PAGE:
Pooled safety analysis of baricitinib in adult patients with atopic dermatitis from 8 randomized clinical trials

T. Bieber, J. P. Thyssen, K. Reich, E. L. Simpson, N. Katoh, A. Torrelo, M. De Bruin-Weller, D. Thaci, R. Bissonnette, M. Gooderham, J. Weisman, F. Nunes, D. Brinker, M. Issa, K. Holzwarth, M. Gamalo, E. Riedl, J. Janes

Research output: Contribution to journalArticlepeer-review

Abstract

Background: Janus kinase (JAK) inhibition is a new mode of action in atopic dermatitis (AD); clarity about drug class safety considerations in the context of AD is important. Baricitinib, an oral, reversible, selective inhibitor of JAK1/JAK2, is in late-stage development for adult patients with moderate-to-severe AD. Objective: To report pooled safety data for baricitinib in patients with moderate-to-severe AD in the clinical development program including long-term extension (LTE) studies. Methods: This analysis included patient-level safety data from six double-blinded, randomized, placebo-controlled studies (one phase 2 and five phase 3), one double-blinded, randomized, LTE study and one open-label LTE study, reported in three data sets: placebo-controlled, 2-mg – 4-mg extended and All-bari AD. Safety outcomes include treatment-emergent adverse events, adverse events of special interest and abnormal laboratory changes. Proportions of patients with events and incidence rates were calculated. Results: Data were collected for 2531 patients who were given baricitinib for 2247 patient-years (median duration 310 days). The frequency of serious infections, opportunistic infections and conjunctival disorders was low and similar between treatment groups in the placebo-controlled period. The most common serious infections were eczema herpeticum [n = 11, incidence rates (IR) = 0.5], cellulitis (n = 6, IR = 0.3) and pneumonia (n = 3, IR = 0.1). There were four opportunistic infections (IR = 0.2). No malignancies, gastrointestinal perforations, positively adjudicated cardiovascular events or tuberculosis were reported in the placebo-controlled period in baricitinib-treated patients. Frequency of herpes simplex was higher in the 4-mg group (6.1%) vs. the 2-mg (3.6%) and placebo group (2.7%); IRs in the extended data set (2-mg IR = 9.6; 4-mg IR = 14.5) were lower vs. the placebo-controlled data set (2-mg IR = 12.4; 4-mg IR = 21.3). In the All-bari AD data set, there were two positively adjudicated major adverse cardiovascular events (2-mg group): two venous thrombosis events (4-mg group) and one death. Conclusion: This integrated safety analysis in patients with moderate-to-severe AD confirms the established safety profile of baricitinib.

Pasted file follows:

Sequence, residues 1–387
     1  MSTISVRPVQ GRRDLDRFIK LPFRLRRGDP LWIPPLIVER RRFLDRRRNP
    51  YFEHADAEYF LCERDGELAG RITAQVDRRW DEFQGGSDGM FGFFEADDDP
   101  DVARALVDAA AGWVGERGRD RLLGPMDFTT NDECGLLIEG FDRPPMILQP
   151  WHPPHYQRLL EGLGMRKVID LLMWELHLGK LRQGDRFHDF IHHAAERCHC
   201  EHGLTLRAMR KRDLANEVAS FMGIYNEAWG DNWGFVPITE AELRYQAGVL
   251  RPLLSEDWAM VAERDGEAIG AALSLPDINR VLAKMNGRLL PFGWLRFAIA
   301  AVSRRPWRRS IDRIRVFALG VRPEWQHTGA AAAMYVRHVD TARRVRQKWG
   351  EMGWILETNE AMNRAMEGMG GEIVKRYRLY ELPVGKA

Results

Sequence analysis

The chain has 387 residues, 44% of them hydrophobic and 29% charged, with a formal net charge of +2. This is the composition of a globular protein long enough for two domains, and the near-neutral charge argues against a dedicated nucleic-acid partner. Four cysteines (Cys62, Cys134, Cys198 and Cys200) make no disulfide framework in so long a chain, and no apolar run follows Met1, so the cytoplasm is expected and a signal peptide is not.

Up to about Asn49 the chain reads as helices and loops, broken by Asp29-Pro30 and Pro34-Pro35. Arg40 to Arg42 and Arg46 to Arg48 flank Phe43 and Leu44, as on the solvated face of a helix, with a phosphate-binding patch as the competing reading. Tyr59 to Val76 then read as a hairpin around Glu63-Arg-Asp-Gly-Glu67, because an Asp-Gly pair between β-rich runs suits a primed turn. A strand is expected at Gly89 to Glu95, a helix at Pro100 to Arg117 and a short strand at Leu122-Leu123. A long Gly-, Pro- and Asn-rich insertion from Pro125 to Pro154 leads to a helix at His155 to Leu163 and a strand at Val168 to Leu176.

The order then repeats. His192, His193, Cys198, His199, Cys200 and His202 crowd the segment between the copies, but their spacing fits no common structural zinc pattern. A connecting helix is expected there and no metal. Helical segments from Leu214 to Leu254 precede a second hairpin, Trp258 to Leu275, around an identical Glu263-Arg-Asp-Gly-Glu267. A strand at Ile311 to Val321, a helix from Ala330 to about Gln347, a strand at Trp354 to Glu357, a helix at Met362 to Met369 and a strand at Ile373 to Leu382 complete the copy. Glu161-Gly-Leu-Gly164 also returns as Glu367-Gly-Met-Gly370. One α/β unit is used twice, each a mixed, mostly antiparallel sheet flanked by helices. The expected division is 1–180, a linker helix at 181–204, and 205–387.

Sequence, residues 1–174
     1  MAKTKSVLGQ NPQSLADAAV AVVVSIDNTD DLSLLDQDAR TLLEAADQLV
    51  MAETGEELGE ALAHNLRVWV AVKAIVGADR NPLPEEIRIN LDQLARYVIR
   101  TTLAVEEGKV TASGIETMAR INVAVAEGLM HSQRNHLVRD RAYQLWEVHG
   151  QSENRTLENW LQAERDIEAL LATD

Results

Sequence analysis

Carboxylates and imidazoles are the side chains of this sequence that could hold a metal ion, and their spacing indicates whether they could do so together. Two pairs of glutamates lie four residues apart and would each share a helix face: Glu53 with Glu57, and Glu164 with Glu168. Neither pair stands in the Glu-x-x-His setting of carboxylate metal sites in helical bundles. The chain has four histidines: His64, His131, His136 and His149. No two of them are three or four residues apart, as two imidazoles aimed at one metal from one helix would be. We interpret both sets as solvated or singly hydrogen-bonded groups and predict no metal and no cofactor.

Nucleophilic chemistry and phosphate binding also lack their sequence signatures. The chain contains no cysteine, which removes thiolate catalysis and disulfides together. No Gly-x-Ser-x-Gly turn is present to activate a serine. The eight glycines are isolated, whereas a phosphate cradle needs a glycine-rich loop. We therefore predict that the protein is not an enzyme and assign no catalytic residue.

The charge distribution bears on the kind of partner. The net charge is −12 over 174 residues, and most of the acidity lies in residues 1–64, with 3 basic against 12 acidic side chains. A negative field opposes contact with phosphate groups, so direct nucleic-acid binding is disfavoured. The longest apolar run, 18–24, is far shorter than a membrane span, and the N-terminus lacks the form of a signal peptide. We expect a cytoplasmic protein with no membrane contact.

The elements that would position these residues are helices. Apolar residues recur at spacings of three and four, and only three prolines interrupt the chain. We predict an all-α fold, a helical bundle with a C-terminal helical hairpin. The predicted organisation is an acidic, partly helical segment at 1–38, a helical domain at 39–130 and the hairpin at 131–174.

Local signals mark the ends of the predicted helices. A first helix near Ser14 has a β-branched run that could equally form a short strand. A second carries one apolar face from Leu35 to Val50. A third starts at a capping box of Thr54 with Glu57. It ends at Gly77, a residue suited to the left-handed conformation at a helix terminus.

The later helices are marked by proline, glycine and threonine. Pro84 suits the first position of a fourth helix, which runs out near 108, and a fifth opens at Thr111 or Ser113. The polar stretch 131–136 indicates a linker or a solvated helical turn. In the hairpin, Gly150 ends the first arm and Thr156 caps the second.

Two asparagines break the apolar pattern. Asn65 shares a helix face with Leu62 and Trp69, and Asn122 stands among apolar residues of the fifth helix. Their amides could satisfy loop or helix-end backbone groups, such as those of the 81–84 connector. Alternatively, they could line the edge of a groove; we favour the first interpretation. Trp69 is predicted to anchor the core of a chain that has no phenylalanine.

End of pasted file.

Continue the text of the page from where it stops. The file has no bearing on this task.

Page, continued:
Original languageEnglish (US)
JournalJournal of the European Academy of Dermatology and Venereology
DOIs
StateAccepted/In press - 2020

ASJC Scopus subject areas

  • Dermatology
  • Infectious Diseases

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